A majority of Clare Fine Gael councillors support the current proposed national coalition of Fine Gael, Fianna Fáil and the Green Party, according to the findings of a Clare Champion survey.
Councillor Gabriel Keating said efforts should have been made to form a national government made up of a number of political parties last March.
Stressing the need for a new government to be elected as quickly as possible, he is a little reluctant to give his full support for a Fianna Fáil (FF), Fine Gael (FG) and Green Party (GP) coalition as he doesn’t think this will be good for rural Ireland.
Instead, he supports a coalition of these parties with Labour and a group of rural Independents like Michael McNamara, which he feels would be better able to deal with these challenging times.
Councillor Johnny Flynn said he would not vote for any coalition deal with Fine Gael and Sinn Féin as he disagreed with some of their key policies.
After getting almost 25% of the first preference vote, he recalled SF tried to form a left-wing government but failed to do so.
The Ennis Councillor said it was important to recognise that SF hadn’t performed well in four of the last five elections, which included the Presidential, Local Elections, European and the recent Senate contests.
Back in 2011, he recalled when Fine Gael took office Ireland has lost its sovereignty and was seen as high risk for borrowing on the international markets with crippling interest rates of up to 15%.
Having restored the country’s international reputation in the financial markets, he said the next government will be able to borrow at almost zero interest rates, which is vital as Ireland needs a strong economy to deal with public health issues caused by the pandemic and the resulting recession.
Councillor Paul Murphy doesn’t have any ideological issue entering coalition with FF, citing the GAA’s historic decision to open up Croke Park for soccer and rugby.
“History is history, we can move on. The outcome of the talks will be judged on the Programme for Government,” he said.
Commenting on the involvement of the Green Party in any future coalition, he stressed that farmers and rural Ireland shouldn’t suffer unduly from any reduction in greenhouse gases as he believes that a lot of environmental problems are located in Dublin.He questioned whether SF was seriously interested in becoming part of the next government.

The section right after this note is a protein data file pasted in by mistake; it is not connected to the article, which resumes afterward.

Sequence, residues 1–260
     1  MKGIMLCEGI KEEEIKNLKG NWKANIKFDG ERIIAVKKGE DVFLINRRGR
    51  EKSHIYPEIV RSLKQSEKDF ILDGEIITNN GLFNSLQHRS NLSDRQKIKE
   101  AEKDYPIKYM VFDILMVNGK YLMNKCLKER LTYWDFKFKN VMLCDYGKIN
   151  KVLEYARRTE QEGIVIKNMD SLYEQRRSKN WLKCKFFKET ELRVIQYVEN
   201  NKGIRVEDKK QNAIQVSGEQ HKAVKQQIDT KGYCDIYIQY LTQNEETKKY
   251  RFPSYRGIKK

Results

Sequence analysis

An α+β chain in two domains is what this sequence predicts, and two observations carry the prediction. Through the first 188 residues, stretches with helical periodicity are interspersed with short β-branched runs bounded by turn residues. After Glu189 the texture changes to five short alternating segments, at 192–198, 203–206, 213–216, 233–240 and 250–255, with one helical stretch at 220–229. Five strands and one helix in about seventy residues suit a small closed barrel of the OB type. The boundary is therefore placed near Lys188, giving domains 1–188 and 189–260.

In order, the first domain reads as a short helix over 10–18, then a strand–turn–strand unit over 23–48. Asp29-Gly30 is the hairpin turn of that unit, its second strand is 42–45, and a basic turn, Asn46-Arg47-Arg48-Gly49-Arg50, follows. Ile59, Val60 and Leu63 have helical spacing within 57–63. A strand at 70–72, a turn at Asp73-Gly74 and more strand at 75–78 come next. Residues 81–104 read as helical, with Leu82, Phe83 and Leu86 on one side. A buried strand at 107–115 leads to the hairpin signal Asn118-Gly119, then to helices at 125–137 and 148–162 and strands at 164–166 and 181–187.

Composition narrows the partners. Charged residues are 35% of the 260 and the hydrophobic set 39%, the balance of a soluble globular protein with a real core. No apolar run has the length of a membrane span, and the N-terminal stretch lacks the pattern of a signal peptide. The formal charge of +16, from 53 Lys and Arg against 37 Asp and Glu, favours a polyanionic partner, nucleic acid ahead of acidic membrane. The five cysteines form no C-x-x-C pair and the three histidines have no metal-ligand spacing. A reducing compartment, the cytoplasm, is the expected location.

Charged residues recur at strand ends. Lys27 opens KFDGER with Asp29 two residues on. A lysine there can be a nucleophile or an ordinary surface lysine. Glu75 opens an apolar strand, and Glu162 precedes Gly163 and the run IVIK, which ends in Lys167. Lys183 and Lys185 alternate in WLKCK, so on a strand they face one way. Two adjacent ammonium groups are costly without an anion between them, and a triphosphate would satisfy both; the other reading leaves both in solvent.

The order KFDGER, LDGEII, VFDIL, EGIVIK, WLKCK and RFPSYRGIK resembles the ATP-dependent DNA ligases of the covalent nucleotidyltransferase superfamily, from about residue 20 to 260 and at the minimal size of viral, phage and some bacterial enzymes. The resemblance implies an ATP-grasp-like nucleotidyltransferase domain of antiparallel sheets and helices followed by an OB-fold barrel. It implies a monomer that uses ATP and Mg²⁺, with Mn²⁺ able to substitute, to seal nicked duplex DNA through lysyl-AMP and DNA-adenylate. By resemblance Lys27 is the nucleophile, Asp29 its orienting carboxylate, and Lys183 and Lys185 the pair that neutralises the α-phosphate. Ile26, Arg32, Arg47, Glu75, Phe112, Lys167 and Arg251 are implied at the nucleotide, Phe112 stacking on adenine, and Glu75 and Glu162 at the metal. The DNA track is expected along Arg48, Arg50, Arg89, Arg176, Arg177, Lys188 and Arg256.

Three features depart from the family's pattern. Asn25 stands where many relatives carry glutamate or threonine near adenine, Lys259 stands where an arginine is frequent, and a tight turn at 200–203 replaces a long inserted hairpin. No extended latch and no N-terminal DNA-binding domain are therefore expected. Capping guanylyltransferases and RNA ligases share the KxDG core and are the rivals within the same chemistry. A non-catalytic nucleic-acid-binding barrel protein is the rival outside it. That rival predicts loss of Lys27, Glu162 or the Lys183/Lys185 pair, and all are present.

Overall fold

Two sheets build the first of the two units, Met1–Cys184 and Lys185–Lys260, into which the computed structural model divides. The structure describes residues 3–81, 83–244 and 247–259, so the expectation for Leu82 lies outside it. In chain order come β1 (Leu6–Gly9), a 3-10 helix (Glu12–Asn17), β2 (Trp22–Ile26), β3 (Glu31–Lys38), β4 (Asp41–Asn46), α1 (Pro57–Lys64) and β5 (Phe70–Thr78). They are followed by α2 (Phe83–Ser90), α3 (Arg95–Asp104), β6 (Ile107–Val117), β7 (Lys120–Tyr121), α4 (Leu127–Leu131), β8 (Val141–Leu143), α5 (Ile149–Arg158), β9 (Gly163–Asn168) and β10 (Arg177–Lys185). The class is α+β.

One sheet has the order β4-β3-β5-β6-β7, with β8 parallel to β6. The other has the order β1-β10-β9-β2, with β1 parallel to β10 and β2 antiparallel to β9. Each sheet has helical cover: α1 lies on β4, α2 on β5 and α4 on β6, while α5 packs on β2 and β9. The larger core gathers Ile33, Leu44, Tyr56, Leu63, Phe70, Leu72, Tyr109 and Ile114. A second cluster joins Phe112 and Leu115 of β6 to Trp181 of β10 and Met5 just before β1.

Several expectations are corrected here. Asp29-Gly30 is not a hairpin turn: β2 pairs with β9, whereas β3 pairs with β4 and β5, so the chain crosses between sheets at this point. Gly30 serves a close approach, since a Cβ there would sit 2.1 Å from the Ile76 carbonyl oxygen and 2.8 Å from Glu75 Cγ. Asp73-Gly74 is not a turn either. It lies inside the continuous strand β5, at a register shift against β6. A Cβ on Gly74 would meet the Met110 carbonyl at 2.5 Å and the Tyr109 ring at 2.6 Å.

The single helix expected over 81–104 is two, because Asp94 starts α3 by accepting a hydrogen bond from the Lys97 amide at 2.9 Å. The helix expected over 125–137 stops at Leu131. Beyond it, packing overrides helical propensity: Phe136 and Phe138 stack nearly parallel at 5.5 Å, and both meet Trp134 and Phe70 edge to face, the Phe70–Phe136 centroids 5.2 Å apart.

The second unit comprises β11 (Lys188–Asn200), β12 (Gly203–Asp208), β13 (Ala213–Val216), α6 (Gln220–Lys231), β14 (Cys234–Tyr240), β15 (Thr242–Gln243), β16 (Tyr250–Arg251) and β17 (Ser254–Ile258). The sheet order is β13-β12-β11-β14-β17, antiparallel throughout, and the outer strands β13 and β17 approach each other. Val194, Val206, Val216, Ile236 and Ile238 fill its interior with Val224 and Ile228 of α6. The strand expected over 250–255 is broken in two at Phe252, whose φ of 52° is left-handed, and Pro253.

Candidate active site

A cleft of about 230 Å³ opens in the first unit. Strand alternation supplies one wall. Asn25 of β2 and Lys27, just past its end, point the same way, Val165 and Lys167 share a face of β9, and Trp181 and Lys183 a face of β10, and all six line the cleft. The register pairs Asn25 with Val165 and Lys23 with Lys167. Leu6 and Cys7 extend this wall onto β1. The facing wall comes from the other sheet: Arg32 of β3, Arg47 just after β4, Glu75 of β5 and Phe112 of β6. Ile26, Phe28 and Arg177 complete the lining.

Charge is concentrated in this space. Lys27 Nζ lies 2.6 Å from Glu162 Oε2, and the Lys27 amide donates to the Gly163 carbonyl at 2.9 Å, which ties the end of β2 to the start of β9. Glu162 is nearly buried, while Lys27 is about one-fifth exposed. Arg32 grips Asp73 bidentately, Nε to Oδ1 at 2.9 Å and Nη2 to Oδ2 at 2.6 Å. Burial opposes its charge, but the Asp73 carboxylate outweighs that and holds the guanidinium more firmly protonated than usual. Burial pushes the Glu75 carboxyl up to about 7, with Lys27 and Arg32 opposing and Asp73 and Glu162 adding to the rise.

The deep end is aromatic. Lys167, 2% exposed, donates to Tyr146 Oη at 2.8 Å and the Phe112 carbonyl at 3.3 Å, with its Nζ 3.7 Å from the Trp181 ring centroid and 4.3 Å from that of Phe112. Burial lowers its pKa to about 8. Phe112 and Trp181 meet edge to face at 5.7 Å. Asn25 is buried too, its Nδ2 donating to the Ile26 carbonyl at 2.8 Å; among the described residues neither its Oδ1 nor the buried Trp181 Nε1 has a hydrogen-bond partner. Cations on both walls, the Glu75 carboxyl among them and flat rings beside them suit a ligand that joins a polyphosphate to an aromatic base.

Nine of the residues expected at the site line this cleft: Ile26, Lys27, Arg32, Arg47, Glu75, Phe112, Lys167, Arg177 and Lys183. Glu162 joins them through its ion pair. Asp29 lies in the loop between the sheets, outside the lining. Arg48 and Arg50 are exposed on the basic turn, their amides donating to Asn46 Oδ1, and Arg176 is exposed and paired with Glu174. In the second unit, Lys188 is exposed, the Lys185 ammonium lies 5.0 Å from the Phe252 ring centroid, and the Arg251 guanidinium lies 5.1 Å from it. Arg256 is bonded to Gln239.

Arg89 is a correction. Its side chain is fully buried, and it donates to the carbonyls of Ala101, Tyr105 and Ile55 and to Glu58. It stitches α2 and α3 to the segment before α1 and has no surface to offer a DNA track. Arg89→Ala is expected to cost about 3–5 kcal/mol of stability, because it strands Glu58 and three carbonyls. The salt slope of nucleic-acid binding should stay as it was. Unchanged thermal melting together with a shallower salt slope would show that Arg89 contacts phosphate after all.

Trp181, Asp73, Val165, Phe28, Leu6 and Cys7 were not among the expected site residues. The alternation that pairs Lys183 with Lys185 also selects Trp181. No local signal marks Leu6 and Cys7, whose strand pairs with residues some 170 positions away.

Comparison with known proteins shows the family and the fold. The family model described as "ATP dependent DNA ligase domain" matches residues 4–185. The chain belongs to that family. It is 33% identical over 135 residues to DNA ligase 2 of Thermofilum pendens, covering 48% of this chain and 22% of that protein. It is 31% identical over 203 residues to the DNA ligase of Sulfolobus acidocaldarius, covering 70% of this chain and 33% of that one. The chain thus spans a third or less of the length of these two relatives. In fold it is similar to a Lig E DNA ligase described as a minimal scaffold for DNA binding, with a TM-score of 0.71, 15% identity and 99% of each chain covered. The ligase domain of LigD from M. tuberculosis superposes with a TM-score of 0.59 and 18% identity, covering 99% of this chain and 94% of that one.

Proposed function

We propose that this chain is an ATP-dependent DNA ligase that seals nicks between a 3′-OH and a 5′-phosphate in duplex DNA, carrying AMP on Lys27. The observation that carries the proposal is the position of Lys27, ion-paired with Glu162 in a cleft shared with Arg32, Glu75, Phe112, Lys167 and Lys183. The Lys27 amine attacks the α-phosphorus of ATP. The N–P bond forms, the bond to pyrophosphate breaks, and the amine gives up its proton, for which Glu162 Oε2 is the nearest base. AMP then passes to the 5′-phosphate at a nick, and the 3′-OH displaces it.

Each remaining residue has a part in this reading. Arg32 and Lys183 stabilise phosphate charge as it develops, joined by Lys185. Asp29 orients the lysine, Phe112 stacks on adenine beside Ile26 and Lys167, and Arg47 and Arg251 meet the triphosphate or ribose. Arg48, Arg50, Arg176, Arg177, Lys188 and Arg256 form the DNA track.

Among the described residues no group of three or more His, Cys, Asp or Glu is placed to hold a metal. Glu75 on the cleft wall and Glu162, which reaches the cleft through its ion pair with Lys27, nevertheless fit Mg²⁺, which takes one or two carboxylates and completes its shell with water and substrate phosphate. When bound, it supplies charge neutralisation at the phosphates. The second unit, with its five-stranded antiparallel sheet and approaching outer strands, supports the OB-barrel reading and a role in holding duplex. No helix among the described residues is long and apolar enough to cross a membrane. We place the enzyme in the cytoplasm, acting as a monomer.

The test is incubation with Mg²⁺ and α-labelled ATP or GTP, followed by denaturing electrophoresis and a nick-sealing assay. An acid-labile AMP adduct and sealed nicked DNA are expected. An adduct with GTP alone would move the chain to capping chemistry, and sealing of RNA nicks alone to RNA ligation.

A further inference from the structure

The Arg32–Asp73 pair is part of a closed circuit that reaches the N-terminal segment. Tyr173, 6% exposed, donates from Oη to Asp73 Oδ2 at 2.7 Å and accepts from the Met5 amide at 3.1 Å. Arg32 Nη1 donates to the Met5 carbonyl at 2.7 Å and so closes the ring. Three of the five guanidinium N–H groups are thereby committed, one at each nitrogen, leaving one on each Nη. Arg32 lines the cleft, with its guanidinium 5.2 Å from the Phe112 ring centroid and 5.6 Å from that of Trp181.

Councillor Joe Cooney expressed concern that following a General Election last February the country still is nowhere near agreeing a government in the middle of a serious health and economic crisis.
The Fine Gael Councillor supports the proposed coalition provided strong measures are put in place to revitalise rural Ireland in the next Programme for Government.
He also stressed the farming community must be supported by the next government and doesn’t want rural Ireland to be left behind as a result of the current economic crisis.
Councillor Mary Howard praised An Taoiseach Leo Varadkar, Health Minister Simon Harris and Social Protection Minister Regina Doherty for doing a “fabulous job” dealing with the health and economic crisis caused by Covid-19.
The Ennis Councillor expressed concern about how a national government could work effectively to take serious decisions to revitalise the economy with so many parties with different views and policies.
She proposed the current caretaker government should be left in place until the current crisis is over.
However, if the current coalition talks don’t secure a deal, her next preference would be a General Election, which would be challenging in terms of canvassing as she believes in the short term the traditional form of knocking on doors wouldn’t be acceptable in terms of public health.
Councillor Pat Burke said he isn’t in favour of allowing SF to be part of any coalition deal based on their economic policies.
The Whitegate farmer said the country needs a “safe pair of hands” to take tough decisions and noted there isn’t a lot of difference between FF and FG in policy terms.
He recalled Fine Gael brought the country back from the brink in 2011 and was performing reasonably well until Covid-19.
“The Government needs to avoid a Shane Ross type figure that has no clue about what is happening in rural Ireland. I am not sure how a national government works without an opposition. You need a strong opposition and if SF are it so be it.
“I have no issue with the Green Party provided they don’t railroad decisions that adversely affect farmers. The formation of a stable government is the most important consideration at the moment,” he said.
Councillor Joe Garrihy supports the current coalition option as he believes that FF and FG have the necessary experience to deal with the EU and to take the tough decisions in the middle of an economic crisis.
“National Government is an experiment we don’t have the luxury of trying. We need to come up with something solid and realistic for government that everyone can stick to for the next five years,” he said.